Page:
Little film review: Youngest person to serve as executive producer dishes up laughs in maiden attempt

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The production house behind Girls Trip and Night School have come up with another recipe for more laughs.

This time, the team at Will Packer Productions have welcomed Black-ish star Marsai Martin on board. At just 14 years of age, Martin is the youngest person in Hollywood to ever produce a movie. She is one of the executive producers of the newly-released fantasy comedy film Little, in which she also plays the teenage version of the protagonist Jordan Sanders (Regina Hall, The Hate U Give).

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This movie can be regarded as the opposite of the 1988 hit Big, starring Tom Hanks. In fact, it was Big that inspired Martin to come up with the idea for Little back in 2014 on the set of Black-ish.

Little follows the life of ruthless tech mogul Jordan Sanders, who was bullied in high school and went on to make a name for herself in the IT industry. She built a successful company that supplied many products to a major client, Connor (Mikey Day, Saturday Night Live). One day, Connor threatens to break his contract with Jordan’s firm if she does not come up with fresh ideas, sending her into a tizzy. In her enraged state, Jordan is mean to a little girl (Marley Taylor), who hexes her by wishing “you were little”.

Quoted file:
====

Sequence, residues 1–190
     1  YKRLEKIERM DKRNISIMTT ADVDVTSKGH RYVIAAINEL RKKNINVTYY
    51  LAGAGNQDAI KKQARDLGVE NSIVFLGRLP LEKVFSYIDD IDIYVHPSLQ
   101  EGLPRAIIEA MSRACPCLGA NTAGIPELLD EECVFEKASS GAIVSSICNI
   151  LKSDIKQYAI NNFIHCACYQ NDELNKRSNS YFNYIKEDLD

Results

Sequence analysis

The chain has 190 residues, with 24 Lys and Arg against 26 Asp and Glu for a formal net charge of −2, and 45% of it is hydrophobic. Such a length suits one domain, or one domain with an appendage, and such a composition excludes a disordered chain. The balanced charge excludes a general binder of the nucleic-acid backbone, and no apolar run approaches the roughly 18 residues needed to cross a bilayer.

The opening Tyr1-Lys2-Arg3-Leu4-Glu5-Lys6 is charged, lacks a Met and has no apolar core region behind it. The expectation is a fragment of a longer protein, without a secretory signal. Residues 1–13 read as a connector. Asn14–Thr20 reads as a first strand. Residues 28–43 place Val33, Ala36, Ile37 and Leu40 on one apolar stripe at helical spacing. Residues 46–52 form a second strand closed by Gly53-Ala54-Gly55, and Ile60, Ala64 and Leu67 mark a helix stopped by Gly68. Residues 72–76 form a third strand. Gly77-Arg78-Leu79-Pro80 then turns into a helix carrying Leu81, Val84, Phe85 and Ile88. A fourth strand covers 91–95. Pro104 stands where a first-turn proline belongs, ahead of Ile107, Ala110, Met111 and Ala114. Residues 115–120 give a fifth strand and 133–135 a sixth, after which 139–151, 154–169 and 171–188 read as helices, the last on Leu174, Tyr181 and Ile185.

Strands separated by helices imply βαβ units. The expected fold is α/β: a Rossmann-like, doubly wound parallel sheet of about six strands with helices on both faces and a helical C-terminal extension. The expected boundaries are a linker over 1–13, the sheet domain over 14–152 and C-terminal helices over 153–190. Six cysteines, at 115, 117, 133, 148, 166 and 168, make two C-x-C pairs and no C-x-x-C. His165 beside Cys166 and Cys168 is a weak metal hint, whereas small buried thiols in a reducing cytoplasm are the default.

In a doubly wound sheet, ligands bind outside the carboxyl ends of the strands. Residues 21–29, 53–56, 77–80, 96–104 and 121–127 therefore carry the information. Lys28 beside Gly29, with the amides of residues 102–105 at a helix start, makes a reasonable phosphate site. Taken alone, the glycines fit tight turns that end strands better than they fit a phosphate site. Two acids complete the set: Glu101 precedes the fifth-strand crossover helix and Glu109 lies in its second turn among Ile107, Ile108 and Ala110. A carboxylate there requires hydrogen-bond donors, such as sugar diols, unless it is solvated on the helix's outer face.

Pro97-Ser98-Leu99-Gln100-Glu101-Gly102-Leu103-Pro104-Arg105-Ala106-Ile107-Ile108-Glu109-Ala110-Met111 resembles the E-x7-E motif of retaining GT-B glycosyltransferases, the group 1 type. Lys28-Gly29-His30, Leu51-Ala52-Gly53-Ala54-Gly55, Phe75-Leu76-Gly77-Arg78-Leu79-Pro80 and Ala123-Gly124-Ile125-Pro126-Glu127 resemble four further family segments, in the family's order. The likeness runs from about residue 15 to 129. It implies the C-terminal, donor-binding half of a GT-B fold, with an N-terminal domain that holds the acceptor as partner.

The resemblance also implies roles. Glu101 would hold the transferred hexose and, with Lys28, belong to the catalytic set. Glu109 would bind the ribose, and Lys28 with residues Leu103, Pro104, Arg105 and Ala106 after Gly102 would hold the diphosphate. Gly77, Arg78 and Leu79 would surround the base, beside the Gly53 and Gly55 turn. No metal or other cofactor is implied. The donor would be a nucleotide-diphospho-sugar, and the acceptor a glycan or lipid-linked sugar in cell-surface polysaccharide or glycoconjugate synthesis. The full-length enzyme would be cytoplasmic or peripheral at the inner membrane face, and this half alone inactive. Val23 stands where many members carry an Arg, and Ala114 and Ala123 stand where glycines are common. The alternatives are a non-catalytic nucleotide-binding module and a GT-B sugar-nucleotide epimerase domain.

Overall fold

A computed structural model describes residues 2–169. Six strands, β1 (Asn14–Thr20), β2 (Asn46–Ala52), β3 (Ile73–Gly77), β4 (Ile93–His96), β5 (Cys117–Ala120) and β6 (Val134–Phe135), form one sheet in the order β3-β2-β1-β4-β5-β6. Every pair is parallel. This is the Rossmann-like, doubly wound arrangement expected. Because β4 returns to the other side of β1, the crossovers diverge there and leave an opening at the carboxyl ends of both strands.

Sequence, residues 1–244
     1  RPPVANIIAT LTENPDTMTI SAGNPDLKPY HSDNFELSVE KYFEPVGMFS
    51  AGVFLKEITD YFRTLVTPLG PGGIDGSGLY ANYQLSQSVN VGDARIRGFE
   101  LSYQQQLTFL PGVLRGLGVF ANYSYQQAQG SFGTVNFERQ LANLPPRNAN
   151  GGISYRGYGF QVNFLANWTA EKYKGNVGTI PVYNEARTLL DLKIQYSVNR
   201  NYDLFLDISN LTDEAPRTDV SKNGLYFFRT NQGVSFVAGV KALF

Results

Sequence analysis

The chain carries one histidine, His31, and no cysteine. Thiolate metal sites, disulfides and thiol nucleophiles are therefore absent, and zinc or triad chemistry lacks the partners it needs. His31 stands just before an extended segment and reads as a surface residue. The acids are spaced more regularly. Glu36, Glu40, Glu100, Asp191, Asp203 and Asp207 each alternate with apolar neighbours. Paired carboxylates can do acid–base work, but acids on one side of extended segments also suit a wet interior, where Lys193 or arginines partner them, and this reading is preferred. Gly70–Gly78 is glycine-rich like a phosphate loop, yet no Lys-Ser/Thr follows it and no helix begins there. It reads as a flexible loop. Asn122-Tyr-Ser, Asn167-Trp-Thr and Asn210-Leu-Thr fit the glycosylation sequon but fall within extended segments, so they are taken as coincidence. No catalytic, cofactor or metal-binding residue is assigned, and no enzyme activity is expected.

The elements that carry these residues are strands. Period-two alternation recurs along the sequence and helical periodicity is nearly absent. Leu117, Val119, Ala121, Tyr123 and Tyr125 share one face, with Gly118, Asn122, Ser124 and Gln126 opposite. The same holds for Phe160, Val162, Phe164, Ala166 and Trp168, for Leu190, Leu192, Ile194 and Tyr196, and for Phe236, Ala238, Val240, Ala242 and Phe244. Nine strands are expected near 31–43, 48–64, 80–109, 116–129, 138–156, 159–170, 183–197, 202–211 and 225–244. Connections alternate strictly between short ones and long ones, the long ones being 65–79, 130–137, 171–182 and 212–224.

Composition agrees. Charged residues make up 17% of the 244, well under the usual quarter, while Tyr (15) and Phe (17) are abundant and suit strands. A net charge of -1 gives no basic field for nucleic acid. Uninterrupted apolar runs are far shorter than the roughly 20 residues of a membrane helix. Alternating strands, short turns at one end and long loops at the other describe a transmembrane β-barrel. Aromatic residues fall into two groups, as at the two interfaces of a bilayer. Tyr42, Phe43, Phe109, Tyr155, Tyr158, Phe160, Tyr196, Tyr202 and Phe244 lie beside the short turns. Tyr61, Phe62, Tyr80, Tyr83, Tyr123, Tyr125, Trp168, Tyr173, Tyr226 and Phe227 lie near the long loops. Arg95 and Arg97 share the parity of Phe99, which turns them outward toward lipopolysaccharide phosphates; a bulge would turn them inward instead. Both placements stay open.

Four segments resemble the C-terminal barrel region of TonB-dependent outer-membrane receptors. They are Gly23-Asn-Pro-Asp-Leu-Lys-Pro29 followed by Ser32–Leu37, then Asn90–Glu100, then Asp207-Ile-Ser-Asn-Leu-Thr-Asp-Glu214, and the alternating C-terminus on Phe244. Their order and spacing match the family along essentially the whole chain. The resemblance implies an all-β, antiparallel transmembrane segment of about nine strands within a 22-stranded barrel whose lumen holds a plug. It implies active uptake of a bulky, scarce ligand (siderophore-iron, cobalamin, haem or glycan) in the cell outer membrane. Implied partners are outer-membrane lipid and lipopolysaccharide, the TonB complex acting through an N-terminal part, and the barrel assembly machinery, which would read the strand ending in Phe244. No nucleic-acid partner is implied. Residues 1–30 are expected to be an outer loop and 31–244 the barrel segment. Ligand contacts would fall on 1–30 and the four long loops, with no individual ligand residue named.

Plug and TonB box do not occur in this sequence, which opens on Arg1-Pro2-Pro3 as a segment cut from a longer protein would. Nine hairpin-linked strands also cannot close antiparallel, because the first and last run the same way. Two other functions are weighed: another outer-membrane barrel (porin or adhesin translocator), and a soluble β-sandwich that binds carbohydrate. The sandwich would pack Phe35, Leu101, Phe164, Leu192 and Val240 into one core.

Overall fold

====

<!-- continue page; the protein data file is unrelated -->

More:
As a result, Jordan wakes up the next day in her 13-year-old body. She has to return to the same high school she once attended, where bullying is still rife. Meanwhile, her assistant April (Hall’s The Hate U Give co-star Issa Rae) is left holding the fort with Connor breathing down everybody’s necks while Jordan tries to get a group of misfits (JD McCrary, Tucker Meek and Thalia Tran) at her school to build their confidence level and stand up to the popular kids who constantly bully them. Although Jordan eventually returns to her normal self, the experience has left her a changed person, much to her colleagues’ delight.

Hall looks convincing as the adult Jordan, who treats her colleagues coldly, making them wary of her. Rae attracts sympathy as the long-suffering April, who is a virtual slave to Jordan’s whims and fancies. Luke James (Star) provides some degree of comic relief as Trevor, an artist who has a crush on Jordan. The cinematography from Tina Gordon and Will Packer is brilliant. However, it is Martin who steals the show as a 38-year-old trapped in a 13-year-old body who must embrace the inner child in her. It may well be the opening to bigger projects for Martin.

Little would certainly strike a chord with those who have watched Big. It is currently showing in cinemas.